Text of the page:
In the nearly three decades that Nelson Mandela was a prisoner of South Africa’s apartheid regime, his reputation was clear — depending on which side of the nation’s black-white divide one stood.
To South Africa’s disempowered black majority, he was a hero, a defender of black freedom and dignity whose release from imprisonment was the first step to the nation’s political salvation.
To the all-powerful white minority, he was the ultimate villain, a terrorist whose release from bondage would bring a certain bloodbath.
In retrospect, the reputation and stature, following Mandela’s death last week at 95, has only grown, in the eyes of both black and white South Africans — and in the eyes of admirers around the world.
While leaders of South African Jewry mourned with their fellow citizens in the days after the death of the man popularly known as Madiba, his Xhosa clan name, and praised him as the force that kept the country together as it worked toward his goal of a “Rainbow Nation,” his standing among many Jews abroad remains more complicated. Because of his embrace of the Palestinian cause, because of his criticism of Israeli policies in its administered territories, Mandela built the reputation as being anti-Israel.
Not so, leaders of South Africa’s Jewish community protest.
But in an era when many representatives of Mandela’s African National Congress continue to make decidedly anti-Israel comments, the stain of being anti-Israel does not easily wash off. And when South African spokesmen who experienced apartheid apply that label to Israel, these comments carry particular force.
Mandela’s affinity with the Palestinians is understandable; he saw them as common “freedom fighters” who unabashedly took a stand against apartheid; he associated mostly with Jews who were alienated from Judaism or the Jewish community, and brought to their relationship negligible support for Israel. Most importantly, he was aware, as were all black South Africans, of the close political and military ties that Israel maintained with the South African government during the darkest days of apartheid.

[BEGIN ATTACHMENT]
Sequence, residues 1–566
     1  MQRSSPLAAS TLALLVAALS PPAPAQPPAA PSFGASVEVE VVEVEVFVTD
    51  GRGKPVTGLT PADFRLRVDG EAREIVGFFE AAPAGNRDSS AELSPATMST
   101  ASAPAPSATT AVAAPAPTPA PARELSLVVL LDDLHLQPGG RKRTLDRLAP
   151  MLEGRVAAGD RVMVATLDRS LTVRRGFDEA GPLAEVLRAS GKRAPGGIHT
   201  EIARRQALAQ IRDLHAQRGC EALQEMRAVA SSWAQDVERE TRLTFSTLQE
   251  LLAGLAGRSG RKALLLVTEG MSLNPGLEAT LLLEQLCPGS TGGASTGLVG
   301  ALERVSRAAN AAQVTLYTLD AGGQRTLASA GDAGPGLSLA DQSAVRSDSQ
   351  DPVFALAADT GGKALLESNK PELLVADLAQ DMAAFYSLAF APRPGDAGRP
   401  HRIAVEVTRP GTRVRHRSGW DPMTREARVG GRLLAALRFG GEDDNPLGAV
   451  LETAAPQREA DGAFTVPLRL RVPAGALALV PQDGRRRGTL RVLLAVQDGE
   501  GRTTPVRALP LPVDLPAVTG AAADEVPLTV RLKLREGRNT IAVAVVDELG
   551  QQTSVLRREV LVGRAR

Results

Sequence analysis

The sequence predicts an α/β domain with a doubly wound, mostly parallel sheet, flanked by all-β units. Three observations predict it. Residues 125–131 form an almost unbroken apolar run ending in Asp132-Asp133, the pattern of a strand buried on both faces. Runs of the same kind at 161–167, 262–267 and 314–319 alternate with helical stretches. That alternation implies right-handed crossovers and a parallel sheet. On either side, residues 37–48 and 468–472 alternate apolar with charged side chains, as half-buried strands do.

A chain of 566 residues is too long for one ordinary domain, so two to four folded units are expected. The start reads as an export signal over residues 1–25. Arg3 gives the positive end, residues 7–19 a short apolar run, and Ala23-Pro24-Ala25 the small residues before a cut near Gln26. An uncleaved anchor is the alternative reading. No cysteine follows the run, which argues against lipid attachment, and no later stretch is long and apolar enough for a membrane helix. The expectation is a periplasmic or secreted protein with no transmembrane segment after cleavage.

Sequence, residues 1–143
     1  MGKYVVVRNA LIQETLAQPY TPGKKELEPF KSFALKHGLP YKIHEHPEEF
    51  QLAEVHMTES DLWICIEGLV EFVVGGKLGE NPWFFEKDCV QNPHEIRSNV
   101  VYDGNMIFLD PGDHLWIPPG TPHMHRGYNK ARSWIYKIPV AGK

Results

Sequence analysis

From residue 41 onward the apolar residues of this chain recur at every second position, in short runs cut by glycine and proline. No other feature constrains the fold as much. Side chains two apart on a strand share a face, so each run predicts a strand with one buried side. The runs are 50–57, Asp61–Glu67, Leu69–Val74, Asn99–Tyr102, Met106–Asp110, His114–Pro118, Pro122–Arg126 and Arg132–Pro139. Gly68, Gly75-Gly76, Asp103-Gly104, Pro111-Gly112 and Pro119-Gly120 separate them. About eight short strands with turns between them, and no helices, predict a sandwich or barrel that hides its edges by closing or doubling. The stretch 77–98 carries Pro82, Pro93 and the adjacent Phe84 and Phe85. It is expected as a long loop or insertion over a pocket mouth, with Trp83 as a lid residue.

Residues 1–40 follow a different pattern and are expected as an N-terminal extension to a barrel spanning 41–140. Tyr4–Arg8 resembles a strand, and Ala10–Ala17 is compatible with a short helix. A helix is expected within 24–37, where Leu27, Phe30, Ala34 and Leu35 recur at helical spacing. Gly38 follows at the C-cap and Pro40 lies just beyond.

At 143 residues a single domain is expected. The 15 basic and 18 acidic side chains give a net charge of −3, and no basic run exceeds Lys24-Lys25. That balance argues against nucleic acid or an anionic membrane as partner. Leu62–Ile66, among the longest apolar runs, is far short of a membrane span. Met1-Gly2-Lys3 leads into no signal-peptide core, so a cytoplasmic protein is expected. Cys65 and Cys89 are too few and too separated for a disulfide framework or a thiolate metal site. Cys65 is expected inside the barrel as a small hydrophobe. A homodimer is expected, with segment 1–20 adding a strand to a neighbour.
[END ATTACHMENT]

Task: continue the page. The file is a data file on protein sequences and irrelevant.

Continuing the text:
Israel, which was often isolated and had few allies from whom to choose, clearly was no friend of South Africa’s blacks. They, Mandela among them, did not forget this.
After his release, Mandela forged close ties with South Africa’s Jewish community, particularly with the country’s late Chief Rabbi Cyril Harris, appearing at many Jewish events. Unlike such icons as Franklin Roosevelt and Winston Churchill, whose reputations as defenders of Jewish interests for spearheading the defeat of Nazi Germany have become subject to extensive historical revisionism in later years, Mandela had a mixed reputation in some Jewish circles while he lived. Unlike Pope John Paul II, who entered the papacy under the shadow of suspicion because he was a native of “anti-Semitic” Poland, but who became a pioneer in improving Jewish-Catholic relations, Mandela never stopped living under the cloud of “anti-Israel” accusations.
Mandela’s ties with Israel are a minor part of his legacy. His criticism of Israel, and his endorsement of the Palestinian position do not detract from how he will be recalled by history — as a man who united a divided nation, and deservedly became a symbol of the power of reconciliation.